These artists crafted weird characters and the code to operate them, borrowing ideas from disparate fields such as computational poetry, interaction design, and procedural video games. One of the first to do so was Allison Parrish, who created @everyword (2007), a bot that tweeted every word in the English language at the rate of one word per hour until it completed the task on June 7, 2014. Ranjit Bhatnagar’s @pentametron was an endless poem composed by consecutive retweets that happened to be written in iambic pentameter and rhyme with each other. Everest Pipkin’s @tiny_star_field maps cosmic vistas in ASCII characters. Kate Compton’s @losttesla gives voice to a self-driving car. Darius Kazemi’s @twoheadlines mashes up news stories, while Nora Reed’s @infinite_scream lets out a constant stream of anguish, tweeting “AAAHHH” with varying numbers of A’s and H’s. Bot artists embrace the fabrication of characters because this is integral to the way bots are introduced to audiences on social media—through carefully chosen names, avatars, and descriptions.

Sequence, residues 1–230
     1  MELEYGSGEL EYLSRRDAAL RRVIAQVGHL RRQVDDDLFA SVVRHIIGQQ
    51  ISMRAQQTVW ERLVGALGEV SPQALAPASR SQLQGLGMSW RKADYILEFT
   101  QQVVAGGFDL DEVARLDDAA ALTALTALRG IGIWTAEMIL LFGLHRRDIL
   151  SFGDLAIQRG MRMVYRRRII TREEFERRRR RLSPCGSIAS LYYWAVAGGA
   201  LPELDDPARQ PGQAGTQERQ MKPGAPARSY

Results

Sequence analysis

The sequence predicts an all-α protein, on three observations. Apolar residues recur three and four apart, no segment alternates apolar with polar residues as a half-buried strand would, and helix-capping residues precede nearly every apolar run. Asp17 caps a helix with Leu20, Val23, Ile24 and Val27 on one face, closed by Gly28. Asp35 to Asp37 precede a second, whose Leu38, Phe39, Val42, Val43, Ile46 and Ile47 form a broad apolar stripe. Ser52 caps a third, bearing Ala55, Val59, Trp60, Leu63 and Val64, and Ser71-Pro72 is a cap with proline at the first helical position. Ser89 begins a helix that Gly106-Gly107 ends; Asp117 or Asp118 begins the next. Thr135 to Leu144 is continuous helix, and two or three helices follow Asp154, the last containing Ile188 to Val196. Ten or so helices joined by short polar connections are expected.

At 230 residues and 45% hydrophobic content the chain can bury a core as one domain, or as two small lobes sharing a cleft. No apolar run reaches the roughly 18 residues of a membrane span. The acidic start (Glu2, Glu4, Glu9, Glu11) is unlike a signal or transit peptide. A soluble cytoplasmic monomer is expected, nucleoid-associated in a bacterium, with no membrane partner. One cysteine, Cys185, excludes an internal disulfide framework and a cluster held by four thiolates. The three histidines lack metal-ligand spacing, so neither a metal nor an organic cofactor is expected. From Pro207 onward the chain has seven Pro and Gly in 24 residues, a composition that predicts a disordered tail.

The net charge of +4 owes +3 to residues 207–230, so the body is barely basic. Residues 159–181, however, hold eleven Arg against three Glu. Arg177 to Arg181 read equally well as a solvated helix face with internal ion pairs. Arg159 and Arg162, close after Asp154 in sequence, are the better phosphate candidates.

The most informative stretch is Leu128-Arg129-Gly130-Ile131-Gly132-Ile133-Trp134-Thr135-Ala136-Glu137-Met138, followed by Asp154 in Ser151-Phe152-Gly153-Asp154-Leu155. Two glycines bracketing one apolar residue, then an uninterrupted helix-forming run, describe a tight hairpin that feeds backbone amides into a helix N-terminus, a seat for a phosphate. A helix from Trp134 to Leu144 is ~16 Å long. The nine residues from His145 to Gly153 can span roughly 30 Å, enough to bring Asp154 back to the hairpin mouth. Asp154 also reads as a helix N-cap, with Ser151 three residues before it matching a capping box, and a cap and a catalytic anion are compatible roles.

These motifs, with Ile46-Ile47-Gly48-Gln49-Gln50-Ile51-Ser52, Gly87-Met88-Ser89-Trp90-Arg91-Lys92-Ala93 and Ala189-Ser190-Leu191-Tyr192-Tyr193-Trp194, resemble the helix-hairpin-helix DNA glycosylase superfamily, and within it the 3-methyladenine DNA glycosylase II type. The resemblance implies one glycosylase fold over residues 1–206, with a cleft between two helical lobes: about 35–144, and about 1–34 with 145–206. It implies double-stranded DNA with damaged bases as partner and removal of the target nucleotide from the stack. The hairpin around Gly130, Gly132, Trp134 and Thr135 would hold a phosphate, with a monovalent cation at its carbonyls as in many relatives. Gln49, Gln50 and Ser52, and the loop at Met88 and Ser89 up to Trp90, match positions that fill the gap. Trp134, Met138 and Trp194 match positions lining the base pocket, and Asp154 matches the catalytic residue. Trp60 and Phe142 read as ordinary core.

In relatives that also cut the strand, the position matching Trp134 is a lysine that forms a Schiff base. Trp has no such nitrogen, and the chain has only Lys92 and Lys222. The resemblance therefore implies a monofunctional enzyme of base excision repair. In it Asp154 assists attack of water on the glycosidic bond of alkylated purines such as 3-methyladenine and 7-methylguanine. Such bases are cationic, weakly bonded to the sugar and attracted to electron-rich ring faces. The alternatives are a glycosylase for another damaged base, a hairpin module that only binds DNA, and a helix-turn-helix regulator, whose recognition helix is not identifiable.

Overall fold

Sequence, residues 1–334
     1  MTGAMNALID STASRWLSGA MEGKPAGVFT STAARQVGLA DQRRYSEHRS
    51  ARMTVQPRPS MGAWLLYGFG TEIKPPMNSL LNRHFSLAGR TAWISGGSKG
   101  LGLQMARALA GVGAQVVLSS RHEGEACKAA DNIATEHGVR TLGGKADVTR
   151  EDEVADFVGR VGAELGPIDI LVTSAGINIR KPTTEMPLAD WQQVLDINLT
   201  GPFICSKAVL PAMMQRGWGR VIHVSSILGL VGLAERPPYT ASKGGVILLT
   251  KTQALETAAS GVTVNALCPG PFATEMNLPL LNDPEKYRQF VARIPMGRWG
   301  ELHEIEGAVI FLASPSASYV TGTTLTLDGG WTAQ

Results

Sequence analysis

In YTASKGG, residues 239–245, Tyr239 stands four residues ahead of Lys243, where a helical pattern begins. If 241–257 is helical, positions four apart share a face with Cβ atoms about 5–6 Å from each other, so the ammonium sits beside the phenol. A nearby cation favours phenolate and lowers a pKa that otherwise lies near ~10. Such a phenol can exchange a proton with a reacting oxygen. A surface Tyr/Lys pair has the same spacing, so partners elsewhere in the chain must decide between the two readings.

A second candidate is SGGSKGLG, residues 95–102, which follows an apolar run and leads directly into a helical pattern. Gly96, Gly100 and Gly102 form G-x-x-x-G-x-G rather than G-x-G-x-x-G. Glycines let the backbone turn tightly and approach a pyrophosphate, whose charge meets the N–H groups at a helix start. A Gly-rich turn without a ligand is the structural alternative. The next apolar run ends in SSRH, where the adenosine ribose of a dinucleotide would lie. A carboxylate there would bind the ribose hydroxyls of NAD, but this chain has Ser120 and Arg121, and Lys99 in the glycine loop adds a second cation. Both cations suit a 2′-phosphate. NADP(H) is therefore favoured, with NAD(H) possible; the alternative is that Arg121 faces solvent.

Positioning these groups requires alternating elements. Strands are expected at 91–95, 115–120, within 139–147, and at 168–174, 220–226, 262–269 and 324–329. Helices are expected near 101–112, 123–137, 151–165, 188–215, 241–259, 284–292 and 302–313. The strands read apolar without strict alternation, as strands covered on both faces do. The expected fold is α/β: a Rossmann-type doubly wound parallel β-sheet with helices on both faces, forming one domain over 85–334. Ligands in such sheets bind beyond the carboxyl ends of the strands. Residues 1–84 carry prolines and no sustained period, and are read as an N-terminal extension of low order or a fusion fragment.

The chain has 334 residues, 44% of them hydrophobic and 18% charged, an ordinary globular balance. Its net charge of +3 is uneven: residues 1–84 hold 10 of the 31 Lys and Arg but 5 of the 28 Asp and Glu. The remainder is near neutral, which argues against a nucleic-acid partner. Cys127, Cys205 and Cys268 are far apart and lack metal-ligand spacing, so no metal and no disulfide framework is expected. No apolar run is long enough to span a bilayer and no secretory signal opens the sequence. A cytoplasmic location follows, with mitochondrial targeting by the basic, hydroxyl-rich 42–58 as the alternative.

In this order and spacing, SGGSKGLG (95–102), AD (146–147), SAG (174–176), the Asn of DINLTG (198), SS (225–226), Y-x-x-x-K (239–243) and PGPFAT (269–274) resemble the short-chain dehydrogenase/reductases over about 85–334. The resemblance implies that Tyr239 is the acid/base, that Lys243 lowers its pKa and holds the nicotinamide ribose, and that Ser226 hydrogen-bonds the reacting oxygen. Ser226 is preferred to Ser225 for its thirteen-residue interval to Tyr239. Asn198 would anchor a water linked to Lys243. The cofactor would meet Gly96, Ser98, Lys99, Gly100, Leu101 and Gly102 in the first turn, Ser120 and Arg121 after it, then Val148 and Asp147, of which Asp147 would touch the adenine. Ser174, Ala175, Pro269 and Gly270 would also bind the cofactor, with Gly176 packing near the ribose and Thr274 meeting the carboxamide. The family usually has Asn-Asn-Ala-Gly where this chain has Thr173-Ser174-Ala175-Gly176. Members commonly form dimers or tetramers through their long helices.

Bots also appear on platforms other than Twitter. Julien Deswaef’s Word Wars (2015–19) was a YouTube account that presented the daily news in the style of the Star Wars opening crawl. Kazemi’s Random Shopper (2012), as the name suggests, surprised its maker with a monthly selection of books, music, and movies bought on Amazon. Bot art can be seen as aligned with art historical precedents like Dada and assemblage art that piece together references from mass culture, often with humor. But while readymades treat objects as signifiers, bots treat signifiers as objects.

 

View of Memo Akten’s installation Learning to See, 2017, in “AI: More Than Human” at the Barbican.